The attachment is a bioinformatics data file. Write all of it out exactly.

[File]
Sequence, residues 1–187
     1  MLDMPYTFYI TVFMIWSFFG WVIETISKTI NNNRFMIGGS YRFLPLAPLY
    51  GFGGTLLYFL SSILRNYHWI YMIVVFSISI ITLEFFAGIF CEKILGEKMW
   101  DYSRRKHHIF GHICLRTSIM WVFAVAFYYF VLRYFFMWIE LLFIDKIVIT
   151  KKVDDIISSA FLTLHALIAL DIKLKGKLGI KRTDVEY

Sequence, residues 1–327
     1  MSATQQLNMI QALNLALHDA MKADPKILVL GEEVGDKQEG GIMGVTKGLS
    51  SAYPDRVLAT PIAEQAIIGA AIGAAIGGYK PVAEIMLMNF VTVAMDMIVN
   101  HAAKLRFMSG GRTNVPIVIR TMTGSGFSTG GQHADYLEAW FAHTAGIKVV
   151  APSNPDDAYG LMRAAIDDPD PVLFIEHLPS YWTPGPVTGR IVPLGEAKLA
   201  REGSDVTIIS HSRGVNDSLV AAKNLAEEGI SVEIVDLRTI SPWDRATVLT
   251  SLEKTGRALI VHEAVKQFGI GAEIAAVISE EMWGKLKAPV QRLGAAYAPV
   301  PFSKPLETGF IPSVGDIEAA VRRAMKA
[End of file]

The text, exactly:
Sequence, residues 1–187
     1  MLDMPYTFYI TVFMIWSFFG WVIETISKTI NNNRFMIGGS YRFLPLAPLY
    51  GFGGTLLYFL SSILRNYHWI YMIVVFSISI ITLEFFAGIF CEKILGEKMW
   101  DYSRRKHHIF GHICLRTSIM WVFAVAFYYF VLRYFFMWIE LLFIDKIVIT
   151  KKVDDIISSA FLTLHALIAL DIKLKGKLGI KRTDVEY

Sequence, residues 1–327
     1  MSATQQLNMI QALNLALHDA MKADPKILVL GEEVGDKQEG GIMGVTKGLS
    51  SAYPDRVLAT PIAEQAIIGA AIGAAIGGYK PVAEIMLMNF VTVAMDMIVN
   101  HAAKLRFMSG GRTNVPIVIR TMTGSGFSTG GQHADYLEAW FAHTAGIKVV
   151  APSNPDDAYG LMRAAIDDPD PVLFIEHLPS YWTPGPVTGR IVPLGEAKLA
   201  REGSDVTIIS HSRGVNDSLV AAKNLAEEGI SVEIVDLRTI SPWDRATVLT
   251  SLEKTGRALI VHEAVKQFGI GAEIAAVISE EMWGKLKAPV QRLGAAYAPV
   301  PFSKPLETGF IPSVGDIEAA VRRAMKA